) where Pcf11 is also present 43
. Yra1 and Sub2 may promote export of ncRNAs, as they do for mRNAs. In any event, our results suggest that the function of these two factors is not confined to mRNA metabolism.
A dynamic balance between Pcf11–Yra1 and Pcf11–Clp1 complexes could influence the decision between alternative poly(A) sites. This idea is supported by the fact that depletion of Yra1 alters poly(A) site selection at numerous coding and non-coding RNAs (, , Supplementary Fig. 5b, c
). The heterogeneity of poly(A) site use at numerous yeast genes 41
is therefore not a purely stochastic phenomenon, but can be influenced by the export factor Yra1. Another yeast export factor, Npl3, has been shown to alter cleavage-polyadenylation by masking a cryptic processing site in the GAL7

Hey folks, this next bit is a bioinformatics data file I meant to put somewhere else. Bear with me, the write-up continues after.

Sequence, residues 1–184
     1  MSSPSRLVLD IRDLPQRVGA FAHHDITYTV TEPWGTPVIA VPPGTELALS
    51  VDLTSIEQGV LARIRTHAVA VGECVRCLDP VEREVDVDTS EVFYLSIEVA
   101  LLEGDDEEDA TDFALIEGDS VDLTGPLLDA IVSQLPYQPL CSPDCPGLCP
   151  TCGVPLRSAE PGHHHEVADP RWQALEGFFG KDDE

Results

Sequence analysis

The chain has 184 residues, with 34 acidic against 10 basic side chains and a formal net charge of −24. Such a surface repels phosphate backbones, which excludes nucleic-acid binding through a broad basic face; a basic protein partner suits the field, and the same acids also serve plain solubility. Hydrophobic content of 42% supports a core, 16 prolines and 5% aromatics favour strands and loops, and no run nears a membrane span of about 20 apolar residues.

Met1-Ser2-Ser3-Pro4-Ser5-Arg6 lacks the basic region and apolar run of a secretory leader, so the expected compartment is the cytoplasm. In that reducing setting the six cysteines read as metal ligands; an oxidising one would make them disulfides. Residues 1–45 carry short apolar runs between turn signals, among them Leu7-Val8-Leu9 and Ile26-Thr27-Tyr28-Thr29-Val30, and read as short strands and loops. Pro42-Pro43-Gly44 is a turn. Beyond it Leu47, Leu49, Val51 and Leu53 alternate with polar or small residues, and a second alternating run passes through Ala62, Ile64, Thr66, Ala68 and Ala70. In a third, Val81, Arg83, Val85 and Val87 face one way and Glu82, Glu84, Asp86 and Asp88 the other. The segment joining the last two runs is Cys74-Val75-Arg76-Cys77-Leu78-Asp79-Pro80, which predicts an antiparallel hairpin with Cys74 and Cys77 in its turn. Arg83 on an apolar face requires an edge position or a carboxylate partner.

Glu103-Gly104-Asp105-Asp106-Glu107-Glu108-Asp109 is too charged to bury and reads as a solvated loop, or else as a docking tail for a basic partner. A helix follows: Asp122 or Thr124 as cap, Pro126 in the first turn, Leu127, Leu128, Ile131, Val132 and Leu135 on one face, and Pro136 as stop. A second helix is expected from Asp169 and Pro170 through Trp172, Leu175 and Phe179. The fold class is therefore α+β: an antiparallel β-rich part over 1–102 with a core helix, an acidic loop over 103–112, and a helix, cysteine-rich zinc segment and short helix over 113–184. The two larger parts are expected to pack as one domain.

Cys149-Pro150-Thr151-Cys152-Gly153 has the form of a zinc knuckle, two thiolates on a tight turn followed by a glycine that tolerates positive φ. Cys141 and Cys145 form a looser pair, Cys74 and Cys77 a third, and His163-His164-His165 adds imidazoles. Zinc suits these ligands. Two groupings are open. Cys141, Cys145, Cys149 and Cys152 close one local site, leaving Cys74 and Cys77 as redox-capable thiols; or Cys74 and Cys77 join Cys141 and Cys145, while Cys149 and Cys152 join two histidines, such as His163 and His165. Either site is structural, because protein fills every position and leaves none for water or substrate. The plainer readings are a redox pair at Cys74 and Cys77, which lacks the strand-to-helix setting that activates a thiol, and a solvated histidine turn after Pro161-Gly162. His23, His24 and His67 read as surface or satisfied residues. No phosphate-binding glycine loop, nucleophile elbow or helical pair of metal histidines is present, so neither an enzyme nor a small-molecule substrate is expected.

3’ UTR 49
. Similarly many metazoan RNA binding proteins affect 3' end processing by competing with core cleavage-polyadenylation factors23,50,51
. Depletion of Yra1 does not simply activate cryptic sites, rather it can either enhance or suppress utilization of poly(A) sites in different contexts (–, Supplementary Fig. 5b, c
). We propose Yra1 influences poly(A) site choice by a regulated assembly mechanism in which interaction with Pcf11 regulates co-transcriptional formation of fully functional CF1A complexes (). This model also suggests that, like Yra1, Sub2 could affect poly(A) site choice. Our results do not rule out the possibility that Yra1 might influence 3’ end processing after it has been transferred to the nascent RNA and it remains possible that Yra1 modulates poly(A) site choice by multiple mechanisms.